Lesson Design - The Logic of Sequencing
Bruce Schauble

I have been talking a lot recently with a colleague about the logic of sequencing in classroom activities and assignments. As we have talked I have come to see more clearly that large part of what I have come to see as the art of teaching critical thinking - or any other subject - resides not just in the design of lessons, but in their sequencing. A poorly-designed sequence will give the students the sense that this happens and then that happens and then something else happens, with no apparent logic or connection. In a well-designed lesson sequence, students will know - or at least be given reason to believe - that there is a logic to what they are doing and why they are doing it. Even if they don’t completely understand the logic while they are engaged in the sequence, if they sense a connection, then each part of the sequence strengthens the other. For example, if students know that a group discussion activity is really a rehearsal for a writing assignment to be given later, they may pay a different kind of attention to what is being said in the group than if their sense is that there will be no followup.

The logic of any particular sequence is inevitably shaped by the assumptions and intuitions of the teacher, which may in turn by shaped by any number of factors including (but not limited to) the teacher’s personality, previous teaching experiences as a student, previous experience as a teacher, and goals for the course, as well as such external factors as departmental or parental expectations, community demographics, and so on. More important yet are the needs of the students and the interactive dynamics of each particular class.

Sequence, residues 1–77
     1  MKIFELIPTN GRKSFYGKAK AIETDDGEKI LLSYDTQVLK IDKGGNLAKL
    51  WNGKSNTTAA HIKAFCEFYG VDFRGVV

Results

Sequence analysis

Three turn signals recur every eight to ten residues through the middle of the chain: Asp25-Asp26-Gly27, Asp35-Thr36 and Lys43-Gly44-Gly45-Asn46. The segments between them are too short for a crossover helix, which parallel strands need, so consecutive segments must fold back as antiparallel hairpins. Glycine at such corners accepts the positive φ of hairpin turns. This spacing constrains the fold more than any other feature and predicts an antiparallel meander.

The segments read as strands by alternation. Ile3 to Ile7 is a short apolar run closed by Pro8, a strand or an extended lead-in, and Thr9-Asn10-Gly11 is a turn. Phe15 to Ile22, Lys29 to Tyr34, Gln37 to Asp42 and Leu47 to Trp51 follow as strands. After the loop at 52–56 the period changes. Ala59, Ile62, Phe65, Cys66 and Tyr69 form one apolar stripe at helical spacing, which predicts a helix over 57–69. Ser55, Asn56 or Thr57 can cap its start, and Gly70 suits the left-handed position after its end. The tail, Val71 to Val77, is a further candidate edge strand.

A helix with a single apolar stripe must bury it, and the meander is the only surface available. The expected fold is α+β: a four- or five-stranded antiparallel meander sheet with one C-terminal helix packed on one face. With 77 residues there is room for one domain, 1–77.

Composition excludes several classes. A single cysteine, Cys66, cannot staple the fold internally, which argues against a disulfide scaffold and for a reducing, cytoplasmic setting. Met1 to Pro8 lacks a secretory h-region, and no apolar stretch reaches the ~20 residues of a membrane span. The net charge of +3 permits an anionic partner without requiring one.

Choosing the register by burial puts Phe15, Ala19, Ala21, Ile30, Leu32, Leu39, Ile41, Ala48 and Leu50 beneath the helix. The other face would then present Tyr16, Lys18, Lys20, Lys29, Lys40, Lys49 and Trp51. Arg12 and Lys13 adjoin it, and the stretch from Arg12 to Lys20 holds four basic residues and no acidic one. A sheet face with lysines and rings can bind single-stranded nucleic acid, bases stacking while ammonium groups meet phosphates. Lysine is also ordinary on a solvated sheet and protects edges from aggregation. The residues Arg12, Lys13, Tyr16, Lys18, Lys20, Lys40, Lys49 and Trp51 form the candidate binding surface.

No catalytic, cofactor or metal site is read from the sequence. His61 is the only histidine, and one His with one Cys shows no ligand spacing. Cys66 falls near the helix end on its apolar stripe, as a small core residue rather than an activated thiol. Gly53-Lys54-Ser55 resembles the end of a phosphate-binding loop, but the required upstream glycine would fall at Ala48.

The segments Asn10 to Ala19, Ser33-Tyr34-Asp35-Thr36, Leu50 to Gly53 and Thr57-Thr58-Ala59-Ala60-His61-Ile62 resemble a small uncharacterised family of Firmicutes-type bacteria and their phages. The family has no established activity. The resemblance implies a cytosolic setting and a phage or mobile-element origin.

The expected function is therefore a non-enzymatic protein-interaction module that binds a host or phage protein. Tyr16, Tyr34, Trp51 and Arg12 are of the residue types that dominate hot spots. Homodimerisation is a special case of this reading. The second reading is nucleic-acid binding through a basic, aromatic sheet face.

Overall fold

As a teacher of critical thinking within the context of English, I have plenty of assumptions of my own, including the following:

• The most important goals of education are not content goals but process goals. You don’t judge how well-educated people are by what they remember. You judge them by what they know how to do, and how well they do it. As B. F. Skinner says, “Education is what’s left over after you’ve forgotten what you’ve learned.”

• My students don’t need to know what I think. They need to learn how to articulate what they think. A corollary assertion is that direct instruction - that is, lecturing - is the most efficient and least effective method of instruction.

• Students are inherently interested in themselves and in one another. Activities and assignments which are linked to their interest in one another are more likely to go over well.

• Students learn in lots of different ways. Some learn visually, some learn interactively, some learn by talking, some learn by writing. Too much of any one mode of instruction or interaction in a classroom is deadening.

• Being a critical thinker means being aware of one’s own thinking: what is shaping it now, how effectively it is proceeding, whether it is working. The goal of CT instruction is to provide students with the ability to monitor themselves in process, and to adapt or change the process when it’s not working.

• Ideas don’t appear of out a vacuum. The “aha!” moment doesn’t just happen. (Well, perhaps once in a great while it does, but it’s not the norm.) Ideas emerge from sustained thought, dialogue, and interaction. Some students know how to ask good questions and brainstorm answers. Many do not. All can benefit from regular practice in the process.